Sit out on a clear summer's night and the odds are that you'll be treated to a meteor shower that's the remnant of a comet's passing. However, such showers are not peculiar to our planet. NASA's unmanned MErcury Surface, Space ENvironment, GEochemistry, and Ranging (MESSENGER) orbiter has uncovered evidence that the planet Mercury is subject to the same sort of periodic meteor showers as the Earth, only instead of a light show, it produces a spike in calcium in the planet's exosphere.
Mercury isn't exactly the garden spot of the Solar System. The smallest of the planets and closest to the Sun, it's constantly blasted with solar radiation and as it slowly rotates its daylight side rises to the temperature of molten lead. It's atmosphere, called the exosphere, is also almost non-existent, consisting of traces of gas and dust,
What's even odder about the exosphere is that it doesn't remain constant. MESSSENGER's Mercury Atmospheric and Surface Composition Spectrometer has discovered that the amount of calcium in it rises and falls periodically throughout the nine Mercurian years that MESSENGER has orbited the planet since March 2011.
According to NASA scientists, the most likely source of the calcium and its periodicity is meteor showers. The light shows that we see on Earth during the Leonids, Geminids, and the Southern and Northern Taurids are the remains of comets as they pass by the orbit of our planet – some having returned so many times that the comet is long gone and only the meteors remain.
As a comet orbits the Sun, the sunlight heats up the comet and causes the ice and other volatiles to boil away as gas, which the pressure of the light pushes away to form the comet's tail. Eventually, the comet wears away and the orbit becomes strewn with solid fragments; most only the size of dust particles, like a huge eccentric donut. It's as the Earth passes through this donut that causes the meteor shower as the particles burn up in the Earth's atmosphere.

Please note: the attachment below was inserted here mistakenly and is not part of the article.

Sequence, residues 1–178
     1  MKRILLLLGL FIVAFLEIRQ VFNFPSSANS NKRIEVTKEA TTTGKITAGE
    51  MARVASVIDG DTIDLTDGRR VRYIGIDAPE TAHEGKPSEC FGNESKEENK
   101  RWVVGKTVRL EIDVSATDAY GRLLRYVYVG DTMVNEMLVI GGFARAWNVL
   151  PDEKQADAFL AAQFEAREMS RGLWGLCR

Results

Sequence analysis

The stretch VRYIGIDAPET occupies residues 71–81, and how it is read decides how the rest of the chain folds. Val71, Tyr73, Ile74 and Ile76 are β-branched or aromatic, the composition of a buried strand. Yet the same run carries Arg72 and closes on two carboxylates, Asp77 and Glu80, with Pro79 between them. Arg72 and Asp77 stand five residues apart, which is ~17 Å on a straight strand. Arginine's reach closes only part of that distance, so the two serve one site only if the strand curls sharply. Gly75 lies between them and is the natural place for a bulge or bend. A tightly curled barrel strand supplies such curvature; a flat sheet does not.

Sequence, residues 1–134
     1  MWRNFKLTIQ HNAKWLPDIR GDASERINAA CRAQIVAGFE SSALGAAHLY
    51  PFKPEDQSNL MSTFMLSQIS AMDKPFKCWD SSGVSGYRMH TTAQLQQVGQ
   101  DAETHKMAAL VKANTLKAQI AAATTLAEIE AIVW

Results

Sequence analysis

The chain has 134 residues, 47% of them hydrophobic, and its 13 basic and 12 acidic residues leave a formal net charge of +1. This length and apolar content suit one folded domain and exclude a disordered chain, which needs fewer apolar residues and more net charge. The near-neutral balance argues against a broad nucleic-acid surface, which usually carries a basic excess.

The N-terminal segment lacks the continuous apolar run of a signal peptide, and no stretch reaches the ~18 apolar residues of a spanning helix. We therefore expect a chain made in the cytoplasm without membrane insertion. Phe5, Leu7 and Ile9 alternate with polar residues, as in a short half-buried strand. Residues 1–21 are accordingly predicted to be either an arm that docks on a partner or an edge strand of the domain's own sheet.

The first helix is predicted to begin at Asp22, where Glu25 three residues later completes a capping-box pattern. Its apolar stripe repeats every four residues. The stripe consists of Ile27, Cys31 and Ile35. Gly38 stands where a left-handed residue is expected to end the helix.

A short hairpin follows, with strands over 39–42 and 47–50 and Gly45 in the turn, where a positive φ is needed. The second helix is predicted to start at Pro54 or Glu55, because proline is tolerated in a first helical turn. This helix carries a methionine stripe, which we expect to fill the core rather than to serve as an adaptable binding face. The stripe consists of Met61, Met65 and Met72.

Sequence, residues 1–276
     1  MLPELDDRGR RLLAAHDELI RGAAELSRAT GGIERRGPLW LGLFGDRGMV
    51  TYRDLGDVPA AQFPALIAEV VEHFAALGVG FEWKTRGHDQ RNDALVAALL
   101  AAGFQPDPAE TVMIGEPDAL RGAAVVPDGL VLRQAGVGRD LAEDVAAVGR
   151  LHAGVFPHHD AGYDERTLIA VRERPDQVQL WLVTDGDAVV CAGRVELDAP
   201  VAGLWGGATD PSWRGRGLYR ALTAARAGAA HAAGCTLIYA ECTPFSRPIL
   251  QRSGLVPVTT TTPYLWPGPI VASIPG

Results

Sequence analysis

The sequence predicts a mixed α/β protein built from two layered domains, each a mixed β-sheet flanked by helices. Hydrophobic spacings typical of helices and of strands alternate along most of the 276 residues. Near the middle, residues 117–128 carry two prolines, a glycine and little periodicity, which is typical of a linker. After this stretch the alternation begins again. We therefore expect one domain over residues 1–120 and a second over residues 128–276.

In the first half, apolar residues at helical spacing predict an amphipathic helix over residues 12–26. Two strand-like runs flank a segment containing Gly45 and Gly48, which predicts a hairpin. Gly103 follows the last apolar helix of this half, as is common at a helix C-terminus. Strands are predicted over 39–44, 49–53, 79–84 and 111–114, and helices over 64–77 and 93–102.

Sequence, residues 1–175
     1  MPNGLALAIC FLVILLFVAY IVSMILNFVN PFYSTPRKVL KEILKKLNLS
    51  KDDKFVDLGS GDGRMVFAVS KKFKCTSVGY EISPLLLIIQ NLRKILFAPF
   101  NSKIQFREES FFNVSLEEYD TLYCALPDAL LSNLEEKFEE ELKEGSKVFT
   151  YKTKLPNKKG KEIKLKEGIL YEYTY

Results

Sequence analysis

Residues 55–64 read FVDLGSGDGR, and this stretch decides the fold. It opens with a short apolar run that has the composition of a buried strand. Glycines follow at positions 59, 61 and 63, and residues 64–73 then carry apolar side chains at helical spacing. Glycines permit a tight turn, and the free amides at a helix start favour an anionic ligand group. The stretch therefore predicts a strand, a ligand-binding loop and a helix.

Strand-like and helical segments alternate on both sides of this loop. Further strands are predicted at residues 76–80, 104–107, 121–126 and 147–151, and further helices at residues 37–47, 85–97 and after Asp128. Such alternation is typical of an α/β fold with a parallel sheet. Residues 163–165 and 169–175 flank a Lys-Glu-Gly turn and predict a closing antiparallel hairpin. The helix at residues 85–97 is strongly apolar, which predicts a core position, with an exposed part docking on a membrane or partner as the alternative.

However, things are a bit different for Mercury. Since there's no atmosphere to speak of, the particles don't burn up. NASA says that as the comet particles turned meteors rain down on Mercury, they hit the surface and vaporize whatever they hit, including molecules of calcium. This impact vaporization, as its called, pumps the calcium into the exosphere, which MESSENGER detects.
The question is, where do the meteors come from. By running computer simulations against candidates and taking into account the effects of the gravity of Jupiter and other planets on comet orbits, NASA narrowed down the source of the Mercury meteors to the comet Encke
"The variation of Mercury’s calcium exosphere with the planet’s position in its orbit has been known for several years from MESSENGER observations, but the proposal that the source of this variation is a meteor shower associated with a specific comet is novel," says MESSENGER Principal Investigator Sean Solomon, of the Lamont-Doherty Earth Observatory at Columbia University, New York. "This study should provide a basis for searches for further evidence of the influence of meteor showers on the interaction of Mercury with its solar-system environment." . Source: NASA
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